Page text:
Crime and profit: Murder most lucrative

O J Simpson is back in the headlines in the US with a $3.5m deal to speculate on how he would have killed his wife, if he had. Andrew Gumbel reports on the enduring legacy of the case
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The Independent US

This is a story that purports to be about the most sensational celebrity murder of the past two decades, but really it is all about money and television ratings. O J Simpson, the former American football superstar and B-list actor who was famously acquitted of the double murder of his estranged wife, Nicole, and her friend Ron Goldman, claims that he has something new to say about the case.

Or, more precisely, he has agreed to a distinctly tawdry bargain whereby he gets paid $3.5m (£1.8m) by two different branches of Rupert Murdoch's media empire and, in return, he speculates publicly on how he might have committed the gruesome crimes of more than decade ago - on the purely hypothetical assumption, of course, that he actually committed them.

Simpson has a book coming out later this month entitled If I Did It - the word "If" bleached out on the cover page and the words "I Did It" appearing in blood-red capitals. If that weren't titillation enough, he has also taped two hour-long interviews with his publisher, Judith Regan, that will air on Murdoch's Fox Broadcasting network just ahead of the 30 November publication date. Conveniently, the television interviews will coincide with the end of the November "sweeps", the test period when advertisers measure the audience figures of each of the major networks and set their payment rates accordingly.

It is hard to imagine a shabbier deal all around. Ms Regan has been dropping hints right and left that what her interviews really amount to is a confession. Nobody, though, appears ready to believe her. Ever since his acquittal in 1995, O J has adopted one disingenuous position after another. First, he stated that he would conduct a tireless search for the "real" killer, but then he moved to Florida and spent much of his time playing golf.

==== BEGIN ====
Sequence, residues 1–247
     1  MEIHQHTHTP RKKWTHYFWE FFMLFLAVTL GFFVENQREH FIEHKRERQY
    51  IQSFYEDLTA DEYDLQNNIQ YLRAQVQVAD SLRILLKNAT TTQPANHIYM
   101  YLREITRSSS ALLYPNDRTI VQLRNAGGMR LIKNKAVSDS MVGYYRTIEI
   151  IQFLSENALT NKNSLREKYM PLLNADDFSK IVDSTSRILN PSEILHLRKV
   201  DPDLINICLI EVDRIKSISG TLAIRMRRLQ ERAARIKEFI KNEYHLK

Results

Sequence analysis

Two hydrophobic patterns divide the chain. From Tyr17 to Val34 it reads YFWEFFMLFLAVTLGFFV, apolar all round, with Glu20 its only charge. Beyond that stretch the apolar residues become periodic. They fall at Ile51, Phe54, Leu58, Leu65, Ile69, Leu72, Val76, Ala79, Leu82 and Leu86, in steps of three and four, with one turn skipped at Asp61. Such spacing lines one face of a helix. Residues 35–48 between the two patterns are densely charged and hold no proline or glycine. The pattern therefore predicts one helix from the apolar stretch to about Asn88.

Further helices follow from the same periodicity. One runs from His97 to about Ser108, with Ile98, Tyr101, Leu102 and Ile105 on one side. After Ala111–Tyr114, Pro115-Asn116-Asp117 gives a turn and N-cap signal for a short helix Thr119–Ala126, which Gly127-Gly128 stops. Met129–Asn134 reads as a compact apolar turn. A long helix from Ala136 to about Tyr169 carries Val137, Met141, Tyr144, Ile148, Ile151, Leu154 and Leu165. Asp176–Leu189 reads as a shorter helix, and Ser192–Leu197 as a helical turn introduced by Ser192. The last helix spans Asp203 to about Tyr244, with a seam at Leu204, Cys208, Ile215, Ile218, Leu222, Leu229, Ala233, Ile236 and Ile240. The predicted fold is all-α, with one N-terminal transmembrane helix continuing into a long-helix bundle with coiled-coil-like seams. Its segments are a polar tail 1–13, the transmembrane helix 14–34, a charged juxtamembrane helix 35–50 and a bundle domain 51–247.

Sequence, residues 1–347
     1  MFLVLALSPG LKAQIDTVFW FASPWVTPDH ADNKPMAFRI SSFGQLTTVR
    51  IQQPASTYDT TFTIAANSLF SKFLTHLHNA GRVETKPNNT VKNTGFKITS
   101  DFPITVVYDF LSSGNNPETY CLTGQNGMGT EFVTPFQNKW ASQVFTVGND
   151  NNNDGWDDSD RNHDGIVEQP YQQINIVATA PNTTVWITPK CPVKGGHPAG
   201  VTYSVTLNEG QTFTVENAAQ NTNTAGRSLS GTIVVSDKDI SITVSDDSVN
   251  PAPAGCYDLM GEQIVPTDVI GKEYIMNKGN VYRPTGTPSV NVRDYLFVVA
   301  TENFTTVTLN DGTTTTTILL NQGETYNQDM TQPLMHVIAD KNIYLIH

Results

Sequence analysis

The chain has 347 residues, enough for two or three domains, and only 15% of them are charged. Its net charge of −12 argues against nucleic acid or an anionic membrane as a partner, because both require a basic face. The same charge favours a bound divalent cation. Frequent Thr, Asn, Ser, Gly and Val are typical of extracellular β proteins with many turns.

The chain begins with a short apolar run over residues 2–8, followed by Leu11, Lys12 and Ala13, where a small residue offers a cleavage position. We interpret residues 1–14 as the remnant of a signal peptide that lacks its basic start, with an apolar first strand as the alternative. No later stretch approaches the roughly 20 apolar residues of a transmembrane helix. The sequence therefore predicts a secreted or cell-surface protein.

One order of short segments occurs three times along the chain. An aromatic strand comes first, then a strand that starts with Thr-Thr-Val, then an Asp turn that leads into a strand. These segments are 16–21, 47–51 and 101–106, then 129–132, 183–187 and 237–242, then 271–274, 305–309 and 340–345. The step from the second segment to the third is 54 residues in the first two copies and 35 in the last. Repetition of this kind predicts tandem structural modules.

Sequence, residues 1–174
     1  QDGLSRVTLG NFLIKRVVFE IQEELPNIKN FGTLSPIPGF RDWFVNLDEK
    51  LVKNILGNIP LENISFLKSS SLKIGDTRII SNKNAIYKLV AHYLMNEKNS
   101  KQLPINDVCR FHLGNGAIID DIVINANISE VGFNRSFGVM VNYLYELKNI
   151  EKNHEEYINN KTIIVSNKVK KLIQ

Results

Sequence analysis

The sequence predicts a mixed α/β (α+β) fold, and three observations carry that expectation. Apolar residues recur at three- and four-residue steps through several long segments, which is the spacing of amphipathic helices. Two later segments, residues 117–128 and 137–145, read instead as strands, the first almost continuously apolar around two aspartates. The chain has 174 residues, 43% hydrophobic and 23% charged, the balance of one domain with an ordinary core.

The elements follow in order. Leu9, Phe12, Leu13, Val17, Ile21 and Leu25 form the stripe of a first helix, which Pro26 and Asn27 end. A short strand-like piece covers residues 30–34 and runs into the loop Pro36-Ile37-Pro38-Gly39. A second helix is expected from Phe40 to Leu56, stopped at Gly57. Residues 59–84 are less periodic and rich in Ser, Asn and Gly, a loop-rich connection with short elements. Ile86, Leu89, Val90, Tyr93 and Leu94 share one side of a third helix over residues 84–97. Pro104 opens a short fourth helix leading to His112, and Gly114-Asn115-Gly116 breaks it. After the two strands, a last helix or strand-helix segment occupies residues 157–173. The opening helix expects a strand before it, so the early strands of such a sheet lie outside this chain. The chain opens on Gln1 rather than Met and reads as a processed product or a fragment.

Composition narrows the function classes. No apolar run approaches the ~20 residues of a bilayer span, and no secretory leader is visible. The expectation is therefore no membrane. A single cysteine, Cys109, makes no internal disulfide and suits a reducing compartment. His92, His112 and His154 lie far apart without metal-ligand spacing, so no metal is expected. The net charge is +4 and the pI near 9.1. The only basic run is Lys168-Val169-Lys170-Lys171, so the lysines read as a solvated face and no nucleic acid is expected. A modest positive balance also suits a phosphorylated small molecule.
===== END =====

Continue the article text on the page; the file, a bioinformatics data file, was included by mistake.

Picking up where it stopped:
He did not alter his position even after he was found civilly liable for the murders in 1997 and ordered to pay $33.5m to the families of the victims. On the contrary, he set about locking up his assets, with the help of Florida's relatively indulgent property protection laws, and to this day has not paid out a penny to either the Goldman family or Nicole's relatives, the Browns.

Already in 1998, just a year after the legal odyssey came to an end, he played the game of speculating that he was himself the killer. "Let's say I committed this crime," he told Esquire magazine. "Even if I did do this, it would have to have been because I loved her very much, right? " In 2004, he conducted a series of television interviews similar to the current crop, purportedly to promote a reality television series that never actually saw the light of day. He also disclosed - in a conversation with Fox News - that he sometimes felt angry with his dead wife for getting murdered.

Now he seems to be having no trouble discussing the gruesome details of the killings. Nicole and Ron Goldman were slashed to death so viciously that Nicole was almost decapitated. In the one quote being released in advance of the full interview, Simpson observes almost breezily: "I don't think any two people could be murdered without everybody being covered in blood." At every turn, Simpson has only enraged and upset the Goldmans and the Browns further. And this week, as he once again stands to rake in money the victims' families are unable to get their hands on, he appears to have a struck a peculiar nerve in the broader culture, too. Sure, America was fascinated by his arrest and trial at the time - he was, in many ways, the living embodiment of reality television before the genre had been properly born - but now the fascination is competing with an unmistakable sense of disgust.